Liked by 1 person

  3. Well hurrah! for good local wines, historic battlefields, family friendships and relaxing times! It all looks most lovely and inviting. We have many, many vineyards not so very far away, but none with such lovely architecture and history to them. And a good supply of wine never goes far astray!! 🙂

    Liked by 2 people

  4. Anne Wheaton says:

    I always find it hard to equate beautiful and quiet scenery with the roar and thunder of battle but thankful that places can return to a peaceful existence. It looks an interesting place to visit.

    Liked by 3 people

    • arlingwoman says:

      I guess with any landscape there’s the possibility it was once something quite different than what you see when you’re in it. The whole area was different battlefields–and before that farms. Now farms again in some places…

      Like

  5. So pleased you got some respite from battling with heat and rats

    Liked by 1 person

  6. A fine respite indeed…such green, such spaciousness under a big sky. I am not very familiar with Virginia wines. For some strange reason, white wine and I don’t really agree, so I am always in search of good red wine, not only those that go well with dinner, but especially for a red wine that will serve on those social occasions where white wine is almost always served—receptions, cocktail hours, etc. Do you know of a good walking-around-meeting-and-greeting type of red Virginia wine?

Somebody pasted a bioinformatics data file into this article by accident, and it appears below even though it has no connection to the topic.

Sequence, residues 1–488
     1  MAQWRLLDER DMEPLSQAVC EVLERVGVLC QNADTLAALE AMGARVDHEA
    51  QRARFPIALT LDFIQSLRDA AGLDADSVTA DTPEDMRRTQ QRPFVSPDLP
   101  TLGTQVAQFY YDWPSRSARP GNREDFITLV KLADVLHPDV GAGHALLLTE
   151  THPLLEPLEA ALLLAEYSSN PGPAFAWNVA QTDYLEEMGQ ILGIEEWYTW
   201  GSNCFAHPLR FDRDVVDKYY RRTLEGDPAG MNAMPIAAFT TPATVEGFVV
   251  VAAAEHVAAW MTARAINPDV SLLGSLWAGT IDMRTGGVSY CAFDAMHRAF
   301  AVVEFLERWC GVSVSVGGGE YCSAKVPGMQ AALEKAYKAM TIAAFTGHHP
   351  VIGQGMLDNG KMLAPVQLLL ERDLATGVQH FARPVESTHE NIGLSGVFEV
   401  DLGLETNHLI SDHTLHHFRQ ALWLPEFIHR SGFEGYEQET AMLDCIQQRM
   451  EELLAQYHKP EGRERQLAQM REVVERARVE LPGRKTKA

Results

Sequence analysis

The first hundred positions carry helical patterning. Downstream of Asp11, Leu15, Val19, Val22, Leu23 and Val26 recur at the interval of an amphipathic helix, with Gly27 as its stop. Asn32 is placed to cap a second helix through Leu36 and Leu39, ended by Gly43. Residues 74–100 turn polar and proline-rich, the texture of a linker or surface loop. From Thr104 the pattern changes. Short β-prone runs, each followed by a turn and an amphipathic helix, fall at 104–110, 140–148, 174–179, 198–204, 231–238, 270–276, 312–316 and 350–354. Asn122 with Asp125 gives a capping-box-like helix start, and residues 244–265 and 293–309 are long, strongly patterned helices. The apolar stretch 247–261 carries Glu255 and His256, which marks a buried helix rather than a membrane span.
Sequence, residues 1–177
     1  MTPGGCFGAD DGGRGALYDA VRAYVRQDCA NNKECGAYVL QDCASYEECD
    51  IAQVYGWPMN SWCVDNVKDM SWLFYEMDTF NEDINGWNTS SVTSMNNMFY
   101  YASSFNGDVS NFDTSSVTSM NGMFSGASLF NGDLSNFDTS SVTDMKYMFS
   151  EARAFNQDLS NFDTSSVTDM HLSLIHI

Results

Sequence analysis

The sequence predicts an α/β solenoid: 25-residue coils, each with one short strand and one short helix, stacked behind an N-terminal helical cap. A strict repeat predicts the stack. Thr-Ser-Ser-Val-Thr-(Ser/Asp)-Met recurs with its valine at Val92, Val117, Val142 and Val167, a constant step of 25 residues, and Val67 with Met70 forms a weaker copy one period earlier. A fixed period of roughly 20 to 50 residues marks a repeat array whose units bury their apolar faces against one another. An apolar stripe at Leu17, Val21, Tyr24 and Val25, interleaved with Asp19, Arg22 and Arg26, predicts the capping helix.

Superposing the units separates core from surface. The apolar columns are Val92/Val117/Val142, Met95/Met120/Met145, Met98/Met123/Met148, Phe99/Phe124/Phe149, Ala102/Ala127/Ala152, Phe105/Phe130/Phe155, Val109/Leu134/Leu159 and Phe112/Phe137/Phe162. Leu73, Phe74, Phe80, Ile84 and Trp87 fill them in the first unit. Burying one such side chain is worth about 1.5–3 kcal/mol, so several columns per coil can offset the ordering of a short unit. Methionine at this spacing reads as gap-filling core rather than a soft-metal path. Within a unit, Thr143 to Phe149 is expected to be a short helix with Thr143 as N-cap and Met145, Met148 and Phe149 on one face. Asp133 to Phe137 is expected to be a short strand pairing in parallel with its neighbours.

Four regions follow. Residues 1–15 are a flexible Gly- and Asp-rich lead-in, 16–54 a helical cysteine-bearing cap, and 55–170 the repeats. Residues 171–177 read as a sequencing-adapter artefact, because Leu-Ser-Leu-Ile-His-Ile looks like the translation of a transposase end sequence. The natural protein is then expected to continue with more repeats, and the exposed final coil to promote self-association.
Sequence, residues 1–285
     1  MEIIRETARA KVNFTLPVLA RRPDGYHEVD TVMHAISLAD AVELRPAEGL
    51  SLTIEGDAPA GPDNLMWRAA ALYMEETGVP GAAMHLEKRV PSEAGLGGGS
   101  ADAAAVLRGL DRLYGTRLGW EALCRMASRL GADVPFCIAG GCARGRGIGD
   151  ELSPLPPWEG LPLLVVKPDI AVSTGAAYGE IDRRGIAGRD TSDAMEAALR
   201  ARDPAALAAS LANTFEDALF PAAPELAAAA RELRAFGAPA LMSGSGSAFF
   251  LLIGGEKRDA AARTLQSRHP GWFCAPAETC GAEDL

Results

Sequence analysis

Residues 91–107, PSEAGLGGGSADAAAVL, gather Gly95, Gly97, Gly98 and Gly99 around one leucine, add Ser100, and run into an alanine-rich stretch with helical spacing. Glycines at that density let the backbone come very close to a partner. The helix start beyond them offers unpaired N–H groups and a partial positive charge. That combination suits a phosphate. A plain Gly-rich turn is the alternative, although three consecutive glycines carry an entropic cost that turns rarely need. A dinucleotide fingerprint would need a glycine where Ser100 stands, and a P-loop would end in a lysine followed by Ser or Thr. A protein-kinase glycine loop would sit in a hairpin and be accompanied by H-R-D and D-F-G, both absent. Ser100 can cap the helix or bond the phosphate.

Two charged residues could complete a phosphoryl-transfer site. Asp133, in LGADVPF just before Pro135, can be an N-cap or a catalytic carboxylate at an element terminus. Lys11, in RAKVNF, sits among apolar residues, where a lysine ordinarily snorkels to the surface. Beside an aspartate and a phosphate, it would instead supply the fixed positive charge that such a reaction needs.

Like

    • arlingwoman says:

      I am much more capable with the whites, but Horton has what I call a BBQ red called Route 33; Ingleside in the Northern Neck has one as well called Blue Crab Red–I haven’t had that one for a couple years and it varies by vintage. Both of those are drinkable at a party. Barboursville has a knockout rose 2014 that can be paired with cocktail food or fish as well as a cabernet franc (2013) that would go well with pork or lamb. Old House has a really drinkable, but hefty chambourcin called Wicked Bottom good with meat or cheeses. For me the best walking around meeting people wines would be the first two or the rose. Good luck!